According to the Associated Press, Ohio Supreme Court statistics show that 69% of judicial races were uncontested this election, just down from 70% during an equivalent election year in 2010. Chief Justice Maureen O’Connor said people are casting what she calls “complimentary votes” in such races. “If you inform the voters, do you know that almost 70 percent of the judges that have been on the ballot in 2014 are unopposed, do you still think you’re electing your judges?” O’Connor said in an interview with the Associated Press about the most recent elections. Click here to view the article.
O’Connor favors a “merit selection” system where the Governor would appoint judges based on recommendations from a bipartisan commission, and voters would then cast ballots in retention elections two years later to decide whether the judges should be retained.
Merit selection is not a new concept in Ohio. In 1938 and 1987, Ohio voters declined to change the state constitution to eradicate the election of judges. Former Ohio Supreme Court Chief Justice Thomas Moyer also favored merit selection. Before his death in 2010, Moyer was outspoken against the influence of money in judicial elections, and believed that the role of fundraising in judicial campaigns must be reduced, calling it “corrosive”.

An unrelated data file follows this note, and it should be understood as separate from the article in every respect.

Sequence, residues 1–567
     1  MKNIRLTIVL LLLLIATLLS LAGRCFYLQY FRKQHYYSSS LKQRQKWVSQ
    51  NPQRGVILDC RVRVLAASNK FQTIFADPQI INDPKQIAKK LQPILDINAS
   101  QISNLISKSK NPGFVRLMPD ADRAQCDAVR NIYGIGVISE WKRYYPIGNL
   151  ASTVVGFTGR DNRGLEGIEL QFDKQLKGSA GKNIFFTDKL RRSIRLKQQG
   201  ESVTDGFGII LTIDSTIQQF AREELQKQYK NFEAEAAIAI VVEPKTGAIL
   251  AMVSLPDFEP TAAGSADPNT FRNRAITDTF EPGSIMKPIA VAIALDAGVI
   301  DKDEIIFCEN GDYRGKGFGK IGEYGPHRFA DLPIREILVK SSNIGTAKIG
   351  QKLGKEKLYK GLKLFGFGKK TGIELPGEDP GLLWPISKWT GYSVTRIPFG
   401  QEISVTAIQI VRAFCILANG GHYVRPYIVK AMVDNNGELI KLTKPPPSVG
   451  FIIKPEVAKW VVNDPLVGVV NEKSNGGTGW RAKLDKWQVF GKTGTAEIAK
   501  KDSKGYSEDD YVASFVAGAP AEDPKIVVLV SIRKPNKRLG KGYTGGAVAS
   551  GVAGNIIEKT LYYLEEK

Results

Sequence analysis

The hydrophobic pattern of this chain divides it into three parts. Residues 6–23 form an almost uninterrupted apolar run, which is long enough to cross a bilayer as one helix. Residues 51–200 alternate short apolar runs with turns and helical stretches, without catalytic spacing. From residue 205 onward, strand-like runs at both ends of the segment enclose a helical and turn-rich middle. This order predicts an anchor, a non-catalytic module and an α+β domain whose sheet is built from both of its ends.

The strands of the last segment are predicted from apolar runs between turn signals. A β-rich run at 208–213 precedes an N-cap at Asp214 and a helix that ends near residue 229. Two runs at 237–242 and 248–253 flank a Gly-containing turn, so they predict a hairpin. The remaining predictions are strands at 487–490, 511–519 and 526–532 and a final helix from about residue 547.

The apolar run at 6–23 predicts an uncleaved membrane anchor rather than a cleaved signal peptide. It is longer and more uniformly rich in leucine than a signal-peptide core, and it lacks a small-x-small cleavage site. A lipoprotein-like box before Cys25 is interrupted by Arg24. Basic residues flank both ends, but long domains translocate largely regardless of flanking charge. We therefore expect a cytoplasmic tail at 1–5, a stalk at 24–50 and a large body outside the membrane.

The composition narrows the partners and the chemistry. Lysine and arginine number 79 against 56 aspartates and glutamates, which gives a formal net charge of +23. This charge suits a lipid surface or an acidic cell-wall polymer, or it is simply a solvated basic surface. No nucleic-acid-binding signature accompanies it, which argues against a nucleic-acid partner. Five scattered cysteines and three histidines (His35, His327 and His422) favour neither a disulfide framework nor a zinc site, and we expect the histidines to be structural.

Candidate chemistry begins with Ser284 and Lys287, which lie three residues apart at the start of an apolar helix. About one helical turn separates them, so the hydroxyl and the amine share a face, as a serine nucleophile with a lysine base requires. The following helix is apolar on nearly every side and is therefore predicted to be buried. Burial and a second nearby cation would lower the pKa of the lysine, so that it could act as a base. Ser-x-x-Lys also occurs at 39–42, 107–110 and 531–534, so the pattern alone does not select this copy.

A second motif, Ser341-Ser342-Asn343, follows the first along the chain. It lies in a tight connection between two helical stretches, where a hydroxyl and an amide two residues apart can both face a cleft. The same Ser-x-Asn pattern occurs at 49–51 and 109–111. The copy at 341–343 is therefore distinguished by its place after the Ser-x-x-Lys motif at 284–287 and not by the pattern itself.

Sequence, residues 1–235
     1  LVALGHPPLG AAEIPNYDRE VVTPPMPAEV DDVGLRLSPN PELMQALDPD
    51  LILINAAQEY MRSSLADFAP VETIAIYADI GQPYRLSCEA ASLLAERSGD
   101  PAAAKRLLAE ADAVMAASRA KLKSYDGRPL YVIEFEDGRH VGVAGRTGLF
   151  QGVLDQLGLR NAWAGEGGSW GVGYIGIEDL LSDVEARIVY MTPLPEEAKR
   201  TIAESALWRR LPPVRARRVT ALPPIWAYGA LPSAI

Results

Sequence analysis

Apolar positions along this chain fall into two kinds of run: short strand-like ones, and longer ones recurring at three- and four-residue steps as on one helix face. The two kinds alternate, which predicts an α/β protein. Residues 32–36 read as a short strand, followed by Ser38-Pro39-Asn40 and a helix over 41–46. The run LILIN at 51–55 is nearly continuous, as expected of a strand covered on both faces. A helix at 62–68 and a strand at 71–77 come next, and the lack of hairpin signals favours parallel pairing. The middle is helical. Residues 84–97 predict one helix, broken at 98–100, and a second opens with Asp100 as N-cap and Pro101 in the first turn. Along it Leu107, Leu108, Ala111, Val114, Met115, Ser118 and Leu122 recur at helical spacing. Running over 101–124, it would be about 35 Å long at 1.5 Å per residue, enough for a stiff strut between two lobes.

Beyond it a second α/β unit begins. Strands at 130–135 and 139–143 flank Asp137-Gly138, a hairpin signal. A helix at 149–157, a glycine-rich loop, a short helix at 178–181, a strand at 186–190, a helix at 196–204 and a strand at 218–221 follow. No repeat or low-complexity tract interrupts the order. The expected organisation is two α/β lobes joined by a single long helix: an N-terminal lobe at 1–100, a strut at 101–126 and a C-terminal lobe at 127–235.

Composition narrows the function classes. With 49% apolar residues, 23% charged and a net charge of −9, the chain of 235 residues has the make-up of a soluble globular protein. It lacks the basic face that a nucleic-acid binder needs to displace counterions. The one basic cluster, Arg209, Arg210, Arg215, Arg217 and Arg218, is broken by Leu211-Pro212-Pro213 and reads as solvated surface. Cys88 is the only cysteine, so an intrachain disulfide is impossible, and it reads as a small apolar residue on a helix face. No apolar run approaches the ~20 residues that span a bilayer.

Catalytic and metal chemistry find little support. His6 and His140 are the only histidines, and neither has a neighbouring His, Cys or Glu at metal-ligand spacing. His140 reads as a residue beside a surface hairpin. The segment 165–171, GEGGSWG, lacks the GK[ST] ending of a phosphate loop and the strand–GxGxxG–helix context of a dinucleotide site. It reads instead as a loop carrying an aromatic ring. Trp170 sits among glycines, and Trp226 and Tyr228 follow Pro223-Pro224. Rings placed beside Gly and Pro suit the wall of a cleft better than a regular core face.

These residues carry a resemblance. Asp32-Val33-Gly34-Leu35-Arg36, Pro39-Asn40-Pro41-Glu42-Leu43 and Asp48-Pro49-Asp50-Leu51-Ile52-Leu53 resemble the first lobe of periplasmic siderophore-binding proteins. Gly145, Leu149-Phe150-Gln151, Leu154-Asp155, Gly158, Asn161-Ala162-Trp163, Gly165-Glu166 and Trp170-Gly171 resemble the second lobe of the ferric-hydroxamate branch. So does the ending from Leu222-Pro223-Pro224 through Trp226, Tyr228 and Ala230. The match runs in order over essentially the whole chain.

Proponents of merit selection believe it results in more qualified judges than judicial elections. Those who advocate for such a method also argue that the system protects judicial independence by insulating the judicial selection process from the influence of partisan politics. Unlike processes where judges must run for election and re-election, merit selection eliminates the need for judges to fundraise, advertise and make campaign promises which could cause them to make rulings based on outside influences, instead of the law.
Opponents argue merit selection is still a political process. Board members are usually chosen by small groups, as opposed to being elected by voters. Generally, the governor and lawyers, through the state’s bar association, select members to serve on a merit selection board. Those against merit selection also believe voters should be allowed to have a more direct voice in determining which judges will serve in the courts. The activities of most merit selection commissions do not take place during meetings which are open to the public and the laws in many states specify that the names of candidates applying to become judges should remain confidential. Thus, opponents of merit selection also argue these systems should have more transparency.
Thirty three states currently use some form of merit selection.